The role of nitric oxide in remodeling of capillary network in rat interscapular brown adipose tissue after long-term cold acclimation
Authors:Korac, Aleksandra B
Buzadžić, Biljana J.
Article (Published version)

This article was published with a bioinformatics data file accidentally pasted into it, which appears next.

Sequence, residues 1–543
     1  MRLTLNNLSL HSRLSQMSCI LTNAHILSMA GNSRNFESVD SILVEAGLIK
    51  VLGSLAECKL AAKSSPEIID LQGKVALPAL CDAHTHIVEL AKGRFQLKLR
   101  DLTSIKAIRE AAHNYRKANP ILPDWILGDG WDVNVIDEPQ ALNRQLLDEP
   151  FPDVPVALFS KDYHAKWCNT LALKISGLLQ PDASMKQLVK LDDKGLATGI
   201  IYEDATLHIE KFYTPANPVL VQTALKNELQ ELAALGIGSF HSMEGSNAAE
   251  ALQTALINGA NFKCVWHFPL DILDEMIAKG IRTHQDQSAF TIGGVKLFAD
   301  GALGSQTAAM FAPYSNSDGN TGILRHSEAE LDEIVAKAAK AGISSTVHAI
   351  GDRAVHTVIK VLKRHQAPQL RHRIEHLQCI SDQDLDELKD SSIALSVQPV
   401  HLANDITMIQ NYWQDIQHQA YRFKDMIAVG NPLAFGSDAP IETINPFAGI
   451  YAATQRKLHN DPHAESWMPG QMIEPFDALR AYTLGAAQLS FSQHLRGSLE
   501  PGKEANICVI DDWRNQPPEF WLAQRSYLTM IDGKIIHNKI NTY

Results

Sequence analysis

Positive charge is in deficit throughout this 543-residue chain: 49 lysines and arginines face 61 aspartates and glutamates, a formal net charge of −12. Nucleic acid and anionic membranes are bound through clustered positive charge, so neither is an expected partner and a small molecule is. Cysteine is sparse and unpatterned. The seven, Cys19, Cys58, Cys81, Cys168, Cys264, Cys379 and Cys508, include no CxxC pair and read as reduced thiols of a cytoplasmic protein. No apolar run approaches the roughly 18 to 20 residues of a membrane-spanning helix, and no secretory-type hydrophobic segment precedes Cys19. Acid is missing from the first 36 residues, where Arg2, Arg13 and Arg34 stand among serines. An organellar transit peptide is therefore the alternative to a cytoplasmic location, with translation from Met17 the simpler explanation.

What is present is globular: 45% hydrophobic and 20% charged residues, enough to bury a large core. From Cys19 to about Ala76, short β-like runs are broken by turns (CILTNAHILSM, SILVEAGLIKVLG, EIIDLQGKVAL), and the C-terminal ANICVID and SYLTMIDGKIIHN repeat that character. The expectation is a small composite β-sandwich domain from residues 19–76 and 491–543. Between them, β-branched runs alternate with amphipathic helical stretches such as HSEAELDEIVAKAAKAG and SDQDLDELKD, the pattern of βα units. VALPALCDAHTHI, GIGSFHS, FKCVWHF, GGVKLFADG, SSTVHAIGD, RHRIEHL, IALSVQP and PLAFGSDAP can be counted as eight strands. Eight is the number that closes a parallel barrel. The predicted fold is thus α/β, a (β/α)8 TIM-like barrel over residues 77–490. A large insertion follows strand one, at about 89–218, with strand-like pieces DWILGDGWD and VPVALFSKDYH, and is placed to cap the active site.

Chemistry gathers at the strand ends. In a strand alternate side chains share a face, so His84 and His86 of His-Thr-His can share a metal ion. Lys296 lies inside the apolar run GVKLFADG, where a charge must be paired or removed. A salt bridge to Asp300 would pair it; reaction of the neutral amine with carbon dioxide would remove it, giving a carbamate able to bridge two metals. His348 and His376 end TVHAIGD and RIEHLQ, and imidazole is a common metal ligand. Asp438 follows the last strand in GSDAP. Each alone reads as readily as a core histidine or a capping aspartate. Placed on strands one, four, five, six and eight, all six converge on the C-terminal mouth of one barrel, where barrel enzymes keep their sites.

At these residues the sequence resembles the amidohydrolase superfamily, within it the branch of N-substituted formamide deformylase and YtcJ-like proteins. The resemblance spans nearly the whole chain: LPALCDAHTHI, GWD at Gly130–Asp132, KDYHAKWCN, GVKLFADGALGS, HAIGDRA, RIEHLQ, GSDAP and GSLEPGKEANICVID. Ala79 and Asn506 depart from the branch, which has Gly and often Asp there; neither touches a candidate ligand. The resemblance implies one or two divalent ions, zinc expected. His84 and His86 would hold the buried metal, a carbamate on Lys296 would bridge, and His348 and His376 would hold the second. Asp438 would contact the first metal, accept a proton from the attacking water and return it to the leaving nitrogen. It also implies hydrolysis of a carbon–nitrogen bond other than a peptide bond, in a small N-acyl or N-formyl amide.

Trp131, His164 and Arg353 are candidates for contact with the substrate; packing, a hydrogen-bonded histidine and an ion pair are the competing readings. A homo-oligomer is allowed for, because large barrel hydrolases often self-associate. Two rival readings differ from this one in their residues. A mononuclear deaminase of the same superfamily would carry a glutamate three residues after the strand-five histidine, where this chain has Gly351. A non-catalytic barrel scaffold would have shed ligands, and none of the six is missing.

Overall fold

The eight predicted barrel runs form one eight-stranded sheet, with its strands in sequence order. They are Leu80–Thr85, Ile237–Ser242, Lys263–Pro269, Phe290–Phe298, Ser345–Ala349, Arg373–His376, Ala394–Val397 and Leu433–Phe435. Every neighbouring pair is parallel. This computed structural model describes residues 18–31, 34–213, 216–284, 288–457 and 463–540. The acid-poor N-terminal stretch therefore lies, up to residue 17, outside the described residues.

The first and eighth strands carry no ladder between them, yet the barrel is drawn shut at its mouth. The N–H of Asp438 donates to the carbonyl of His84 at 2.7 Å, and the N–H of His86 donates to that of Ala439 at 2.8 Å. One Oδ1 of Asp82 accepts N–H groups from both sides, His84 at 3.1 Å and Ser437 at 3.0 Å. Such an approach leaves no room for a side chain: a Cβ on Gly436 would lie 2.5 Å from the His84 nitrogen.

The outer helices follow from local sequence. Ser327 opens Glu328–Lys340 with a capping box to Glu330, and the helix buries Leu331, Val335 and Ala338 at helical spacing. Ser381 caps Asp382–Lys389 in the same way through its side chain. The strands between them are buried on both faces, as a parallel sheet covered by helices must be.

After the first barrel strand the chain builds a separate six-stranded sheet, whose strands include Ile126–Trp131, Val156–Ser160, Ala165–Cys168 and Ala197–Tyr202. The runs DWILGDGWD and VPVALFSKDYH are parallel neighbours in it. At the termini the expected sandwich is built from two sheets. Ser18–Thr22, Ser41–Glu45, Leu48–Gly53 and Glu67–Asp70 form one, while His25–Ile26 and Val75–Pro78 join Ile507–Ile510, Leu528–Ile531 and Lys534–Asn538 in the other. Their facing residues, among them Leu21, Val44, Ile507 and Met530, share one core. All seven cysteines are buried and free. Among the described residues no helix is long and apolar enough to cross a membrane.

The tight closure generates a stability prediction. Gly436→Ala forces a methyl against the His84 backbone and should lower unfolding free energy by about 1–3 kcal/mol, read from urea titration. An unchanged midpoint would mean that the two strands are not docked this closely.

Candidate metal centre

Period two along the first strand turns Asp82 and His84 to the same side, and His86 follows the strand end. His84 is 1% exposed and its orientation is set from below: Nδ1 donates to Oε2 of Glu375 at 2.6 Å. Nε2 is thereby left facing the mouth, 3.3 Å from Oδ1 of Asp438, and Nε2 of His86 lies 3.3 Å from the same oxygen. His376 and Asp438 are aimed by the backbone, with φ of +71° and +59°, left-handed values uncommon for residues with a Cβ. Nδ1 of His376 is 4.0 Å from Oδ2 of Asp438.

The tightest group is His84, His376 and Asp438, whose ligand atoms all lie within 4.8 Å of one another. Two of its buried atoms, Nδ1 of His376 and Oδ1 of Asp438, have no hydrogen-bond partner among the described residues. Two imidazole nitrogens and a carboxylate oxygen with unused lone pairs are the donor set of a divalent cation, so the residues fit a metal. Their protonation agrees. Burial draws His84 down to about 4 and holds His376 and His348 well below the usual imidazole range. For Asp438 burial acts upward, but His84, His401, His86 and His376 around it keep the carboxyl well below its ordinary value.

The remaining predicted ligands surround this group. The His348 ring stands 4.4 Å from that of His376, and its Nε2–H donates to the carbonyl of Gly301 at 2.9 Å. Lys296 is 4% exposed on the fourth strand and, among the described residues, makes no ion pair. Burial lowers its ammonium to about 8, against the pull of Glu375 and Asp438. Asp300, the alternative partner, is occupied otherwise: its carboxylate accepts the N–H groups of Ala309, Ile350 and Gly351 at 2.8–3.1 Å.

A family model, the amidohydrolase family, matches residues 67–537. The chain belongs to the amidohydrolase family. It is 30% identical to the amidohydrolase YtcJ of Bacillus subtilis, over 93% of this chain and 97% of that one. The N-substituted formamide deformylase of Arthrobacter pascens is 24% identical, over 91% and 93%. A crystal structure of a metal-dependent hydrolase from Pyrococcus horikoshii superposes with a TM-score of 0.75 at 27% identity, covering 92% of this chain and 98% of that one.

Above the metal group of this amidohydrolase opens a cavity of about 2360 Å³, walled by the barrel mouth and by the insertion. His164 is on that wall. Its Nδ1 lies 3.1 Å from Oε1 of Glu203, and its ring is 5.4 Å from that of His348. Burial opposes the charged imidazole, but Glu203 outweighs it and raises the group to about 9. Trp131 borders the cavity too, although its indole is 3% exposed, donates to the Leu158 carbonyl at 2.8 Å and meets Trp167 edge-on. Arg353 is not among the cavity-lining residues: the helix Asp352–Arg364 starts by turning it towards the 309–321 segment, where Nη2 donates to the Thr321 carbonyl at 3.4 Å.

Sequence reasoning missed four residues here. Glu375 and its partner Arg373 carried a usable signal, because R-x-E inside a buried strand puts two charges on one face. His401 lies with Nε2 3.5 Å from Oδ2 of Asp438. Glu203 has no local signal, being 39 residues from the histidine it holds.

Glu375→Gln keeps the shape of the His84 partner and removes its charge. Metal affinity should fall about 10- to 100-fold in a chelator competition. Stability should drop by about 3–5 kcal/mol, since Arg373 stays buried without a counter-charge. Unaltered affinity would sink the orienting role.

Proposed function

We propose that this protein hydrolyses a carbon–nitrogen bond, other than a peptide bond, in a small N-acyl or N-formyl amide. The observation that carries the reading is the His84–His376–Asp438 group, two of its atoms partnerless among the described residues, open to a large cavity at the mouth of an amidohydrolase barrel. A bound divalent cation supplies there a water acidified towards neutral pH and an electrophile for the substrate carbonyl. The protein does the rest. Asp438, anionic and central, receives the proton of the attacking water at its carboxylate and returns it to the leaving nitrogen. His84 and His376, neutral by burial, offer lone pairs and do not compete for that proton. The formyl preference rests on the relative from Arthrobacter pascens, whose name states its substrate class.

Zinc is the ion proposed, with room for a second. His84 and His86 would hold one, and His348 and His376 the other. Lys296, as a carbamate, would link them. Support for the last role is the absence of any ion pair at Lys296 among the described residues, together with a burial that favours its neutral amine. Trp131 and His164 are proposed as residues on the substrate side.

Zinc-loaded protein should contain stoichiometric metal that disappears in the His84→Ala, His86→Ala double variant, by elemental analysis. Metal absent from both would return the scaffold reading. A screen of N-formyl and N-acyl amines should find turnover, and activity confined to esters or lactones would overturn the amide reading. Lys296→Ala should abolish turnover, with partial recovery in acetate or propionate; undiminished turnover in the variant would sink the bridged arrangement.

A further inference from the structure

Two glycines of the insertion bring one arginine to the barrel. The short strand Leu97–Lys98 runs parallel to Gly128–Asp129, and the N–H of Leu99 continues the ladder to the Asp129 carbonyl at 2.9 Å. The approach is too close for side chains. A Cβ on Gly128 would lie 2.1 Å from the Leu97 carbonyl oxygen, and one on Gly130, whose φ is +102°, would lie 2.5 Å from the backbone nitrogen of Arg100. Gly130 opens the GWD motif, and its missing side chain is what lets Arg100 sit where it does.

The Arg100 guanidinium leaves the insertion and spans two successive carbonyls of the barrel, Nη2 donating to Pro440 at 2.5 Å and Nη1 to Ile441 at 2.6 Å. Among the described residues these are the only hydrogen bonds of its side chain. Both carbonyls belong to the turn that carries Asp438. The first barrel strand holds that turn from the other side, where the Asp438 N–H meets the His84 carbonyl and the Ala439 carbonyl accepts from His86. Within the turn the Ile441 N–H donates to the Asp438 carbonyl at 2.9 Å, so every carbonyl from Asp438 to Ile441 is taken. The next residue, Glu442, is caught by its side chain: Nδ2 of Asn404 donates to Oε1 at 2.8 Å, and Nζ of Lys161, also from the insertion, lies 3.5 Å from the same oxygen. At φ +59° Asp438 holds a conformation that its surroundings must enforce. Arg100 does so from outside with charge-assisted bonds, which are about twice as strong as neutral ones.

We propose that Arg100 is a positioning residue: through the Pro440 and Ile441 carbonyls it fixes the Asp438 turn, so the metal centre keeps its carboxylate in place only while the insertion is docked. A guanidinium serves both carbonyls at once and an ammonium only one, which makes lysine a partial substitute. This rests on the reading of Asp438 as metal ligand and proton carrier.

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Cold exposure has been shown to increase blood flow in interscapular brown adipose tissue (IBAT). The aim of the present study was to evaluate the role of the L-arginine-nitric oxide ((NO)-N-center dot) pathway on IBAT capillary network remodeling and its possible correlation with superoxide anion radical (O-2(center dot-)). In the rats that received L-arginine (2.25%) or NG-nitro-L-arginine methyl ester (L-NAME, 0.01%) as a drinking liquid and maintained at room (22 +/- 1 degrees C) or low (4 +/- 1 degrees C) temperature for 45 days, IBAT capillaries were analyzed by stereology and observed by light and electron microscopy. Additionally, endothelial (NO)-N-center dot synthase (eNOS) expression, nitrotyrosine immunoreactivity and both copper zinc superoxide dismutase (CuZnSOD) enzyme activity and immunohistochemical localization were examined. Stereological analyses of IBAT show that the capillary volume density, as well as capillary-to-brown adipocytes ratio, are increased in cold. L-arginine treatment increases, while L-NAME decreases both parameters, compared to respective controls. Those changes were accompanied by capillary dilatation observed by light and electron microscopy. The activity of CuZnSOD is lower in control cold-acclimated rats, as well as in both L-arginine-treated groups, when compared to control animals acclimated to room temperature. L-NAME treatment attenuates the effects both of cold and L-arginine on CuZnSOD and increases immunopositivity for CuZnSOD in room temperature-acclimated rats. Our results show that (NO)-N-center dot induces remodeling of the IBAT capillary network by angiogenesis, and presumably that interaction with O-2(center dot-) has a role in that modulation. The increased eNOS expression accompanied by an increased nitrotyrosine immunoreaction observed in both L-arginine-treated groups compared to corresponding controls strengthens this hypothesis.